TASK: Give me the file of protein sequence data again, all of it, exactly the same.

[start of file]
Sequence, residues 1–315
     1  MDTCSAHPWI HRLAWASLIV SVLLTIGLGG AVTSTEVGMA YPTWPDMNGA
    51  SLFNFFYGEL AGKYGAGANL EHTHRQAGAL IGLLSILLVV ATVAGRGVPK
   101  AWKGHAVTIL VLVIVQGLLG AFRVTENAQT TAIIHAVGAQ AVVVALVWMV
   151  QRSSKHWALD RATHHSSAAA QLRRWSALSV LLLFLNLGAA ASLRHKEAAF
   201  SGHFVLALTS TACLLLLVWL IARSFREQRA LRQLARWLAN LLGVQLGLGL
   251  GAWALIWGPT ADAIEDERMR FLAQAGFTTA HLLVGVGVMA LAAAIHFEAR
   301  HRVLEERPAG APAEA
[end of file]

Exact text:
Sequence, residues 1–315
     1  MDTCSAHPWI HRLAWASLIV SVLLTIGLGG AVTSTEVGMA YPTWPDMNGA
    51  SLFNFFYGEL AGKYGAGANL EHTHRQAGAL IGLLSILLVV ATVAGRGVPK
   101  AWKGHAVTIL VLVIVQGLLG AFRVTENAQT TAIIHAVGAQ AVVVALVWMV
   151  QRSSKHWALD RATHHSSAAA QLRRWSALSV LLLFLNLGAA ASLRHKEAAF
   201  SGHFVLALTS TACLLLLVWL IARSFREQRA LRQLARWLAN LLGVQLGLGL
   251  GAWALIWGPT ADAIEDERMR FLAQAGFTTA HLLVGVGVMA LAAAIHFEAR
   301  HRVLEERPAG APAEA